The game of the name

I’m very conscious about the effects of language – choose one word rather than another and you can change the whole tone of a sentence. But it’s more than that, by naming objects or ideas in particular ways, we give them a label that can have very deep connotations. It’s often said that ‘the pen is mightier than the sword’, and it is true that language is a powerful tool for changing hearts and minds. Because of this I was very taken with a word my friend Katie used several times recently – petrol.

As you know, I’m very keen to promote the use of local and renewable resources in order to make our lives more sustainable and protect our planet. One of the biggest problems is our reliance on petrochemicals: our lives are filled with all sorts of products produced from oil that we don’t really notice. We’ve all been told about the issues associated with vehicle fuel – petrol and diesel – and we know that burning oil and coal and gas contributes to all sorts of environmental problems, but petrochemicals fill our lives. As you read this, you are probably wearing them (manmade fibres) and looking at them (your computer). You may have washed your hair with them this morning, smeared them on your face, eaten off them, prepared food on them, cleaned your teeth with them… the list goes on. And whilst their presence may be obvious (to some) in plastics, they are also hidden in things like juice cartons (which appear to be made of cardboard) and books (the covers are often coated with oil-based varnish).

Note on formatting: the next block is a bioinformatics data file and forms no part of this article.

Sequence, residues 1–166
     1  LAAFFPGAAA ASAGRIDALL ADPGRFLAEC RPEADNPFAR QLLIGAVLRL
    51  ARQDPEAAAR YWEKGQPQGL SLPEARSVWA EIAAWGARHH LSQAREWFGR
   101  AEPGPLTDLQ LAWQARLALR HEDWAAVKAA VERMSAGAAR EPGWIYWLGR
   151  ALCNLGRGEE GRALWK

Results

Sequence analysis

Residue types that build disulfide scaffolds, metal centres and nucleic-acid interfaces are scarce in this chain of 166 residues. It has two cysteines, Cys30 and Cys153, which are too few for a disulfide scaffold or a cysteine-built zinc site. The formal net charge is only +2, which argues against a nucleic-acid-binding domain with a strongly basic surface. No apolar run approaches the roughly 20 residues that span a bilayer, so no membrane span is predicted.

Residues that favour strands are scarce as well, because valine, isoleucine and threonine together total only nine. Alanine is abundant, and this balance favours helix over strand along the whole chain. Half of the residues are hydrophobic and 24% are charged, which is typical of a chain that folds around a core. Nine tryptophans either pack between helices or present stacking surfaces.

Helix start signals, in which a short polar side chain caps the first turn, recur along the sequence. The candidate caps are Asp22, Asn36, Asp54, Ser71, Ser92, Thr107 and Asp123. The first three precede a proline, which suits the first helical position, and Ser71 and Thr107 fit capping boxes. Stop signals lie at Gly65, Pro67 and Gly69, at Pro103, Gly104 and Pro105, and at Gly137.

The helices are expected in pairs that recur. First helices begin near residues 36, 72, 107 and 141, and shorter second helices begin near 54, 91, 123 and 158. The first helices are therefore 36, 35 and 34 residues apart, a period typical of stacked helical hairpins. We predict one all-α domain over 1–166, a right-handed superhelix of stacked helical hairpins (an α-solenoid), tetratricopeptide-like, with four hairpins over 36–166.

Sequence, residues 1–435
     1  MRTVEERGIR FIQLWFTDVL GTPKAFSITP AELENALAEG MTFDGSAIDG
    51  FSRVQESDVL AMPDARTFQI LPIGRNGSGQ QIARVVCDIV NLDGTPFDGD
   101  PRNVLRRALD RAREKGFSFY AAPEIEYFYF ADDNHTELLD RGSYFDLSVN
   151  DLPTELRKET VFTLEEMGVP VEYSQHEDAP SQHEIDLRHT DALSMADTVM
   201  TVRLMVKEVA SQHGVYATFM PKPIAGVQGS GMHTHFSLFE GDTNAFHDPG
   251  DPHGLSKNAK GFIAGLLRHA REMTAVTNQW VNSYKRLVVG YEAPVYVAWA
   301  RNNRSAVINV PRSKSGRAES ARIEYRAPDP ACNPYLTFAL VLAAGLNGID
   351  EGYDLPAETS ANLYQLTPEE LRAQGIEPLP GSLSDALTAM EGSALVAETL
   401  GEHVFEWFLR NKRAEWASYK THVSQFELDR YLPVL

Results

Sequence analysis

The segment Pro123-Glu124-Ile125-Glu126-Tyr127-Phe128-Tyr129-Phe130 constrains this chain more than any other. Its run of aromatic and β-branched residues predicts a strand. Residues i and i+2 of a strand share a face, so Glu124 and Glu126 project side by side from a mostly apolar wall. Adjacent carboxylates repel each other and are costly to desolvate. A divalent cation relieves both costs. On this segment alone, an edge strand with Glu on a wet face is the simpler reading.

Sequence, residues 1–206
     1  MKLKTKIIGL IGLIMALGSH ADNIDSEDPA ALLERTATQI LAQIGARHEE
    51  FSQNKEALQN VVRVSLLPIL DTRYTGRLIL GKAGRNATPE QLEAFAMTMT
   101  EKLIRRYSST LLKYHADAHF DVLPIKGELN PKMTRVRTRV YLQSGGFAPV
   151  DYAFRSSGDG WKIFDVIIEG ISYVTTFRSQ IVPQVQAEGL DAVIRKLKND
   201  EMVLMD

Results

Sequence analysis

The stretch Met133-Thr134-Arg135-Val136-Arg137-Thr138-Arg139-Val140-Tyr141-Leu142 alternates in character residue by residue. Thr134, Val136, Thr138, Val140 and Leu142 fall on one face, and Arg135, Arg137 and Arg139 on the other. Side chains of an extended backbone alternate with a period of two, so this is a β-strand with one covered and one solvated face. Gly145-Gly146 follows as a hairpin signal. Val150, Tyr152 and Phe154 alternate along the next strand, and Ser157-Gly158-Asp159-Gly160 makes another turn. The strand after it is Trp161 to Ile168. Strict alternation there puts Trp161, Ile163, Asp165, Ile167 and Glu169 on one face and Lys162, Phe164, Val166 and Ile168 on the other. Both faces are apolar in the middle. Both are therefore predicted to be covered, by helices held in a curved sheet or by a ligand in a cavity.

Balls of reclaimed petrol!

Balls of reclaimed petrol!

So what do we do? Well, being aware is the first step – no one takes action if they don’t know a problem exists. And this is where naming comes in and where Katie has hit the nail on the head. She has taken to referring to petrochemical products as ‘petrol’. So, when using acrylic yarn, she says she’s ‘knitting with petrol’ and when we saw a farmer spreading inorganic fertilizer she said he was ‘throwing petrol on his land’. And as she talked I realised how effective it was. If, every time we bought food wrapped in plastic rather than paper or sprayed chemical fertilizer on our vegetables rather than digging in compost or using homemade liquid feed, we said ‘I’m wrapping my food in petrol’ or ‘I’m putting petrol on the garden’ would that change out attitude?

I know it’s not exactly accurate terminology, but it makes you think… if we could try to swap at least some of out ‘petrol’ for something renewable, we could make our lives much, much more sustainable.

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